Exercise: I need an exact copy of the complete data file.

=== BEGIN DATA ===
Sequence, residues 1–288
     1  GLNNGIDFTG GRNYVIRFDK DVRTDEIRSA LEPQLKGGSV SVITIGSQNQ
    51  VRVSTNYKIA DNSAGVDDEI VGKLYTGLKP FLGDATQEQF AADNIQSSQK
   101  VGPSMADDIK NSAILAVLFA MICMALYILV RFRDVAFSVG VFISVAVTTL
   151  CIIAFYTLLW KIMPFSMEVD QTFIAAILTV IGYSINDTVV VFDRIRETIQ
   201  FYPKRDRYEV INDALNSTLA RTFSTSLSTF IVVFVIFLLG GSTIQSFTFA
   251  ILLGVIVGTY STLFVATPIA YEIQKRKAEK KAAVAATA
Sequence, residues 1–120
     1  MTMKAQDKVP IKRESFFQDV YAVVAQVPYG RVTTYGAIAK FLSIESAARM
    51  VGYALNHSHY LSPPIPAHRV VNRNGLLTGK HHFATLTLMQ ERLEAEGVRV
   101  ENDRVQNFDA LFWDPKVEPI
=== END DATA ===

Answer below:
Sequence, residues 1–288
     1  GLNNGIDFTG GRNYVIRFDK DVRTDEIRSA LEPQLKGGSV SVITIGSQNQ
    51  VRVSTNYKIA DNSAGVDDEI VGKLYTGLKP FLGDATQEQF AADNIQSSQK
   101  VGPSMADDIK NSAILAVLFA MICMALYILV RFRDVAFSVG VFISVAVTTL
   151  CIIAFYTLLW KIMPFSMEVD QTFIAAILTV IGYSINDTVV VFDRIRETIQ
   201  FYPKRDRYEV INDALNSTLA RTFSTSLSTF IVVFVIFLLG GSTIQSFTFA
   251  ILLGVIVGTY STLFVATPIA YEIQKRKAEK KAAVAATA
Sequence, residues 1–120
     1  MTMKAQDKVP IKRESFFQDV YAVVAQVPYG RVTTYGAIAK FLSIESAARM
    51  VGYALNHSHY LSPPIPAHRV VNRNGLLTGK HHFATLTLMQ ERLEAEGVRV
   101  ENDRVQNFDA LFWDPKVEPI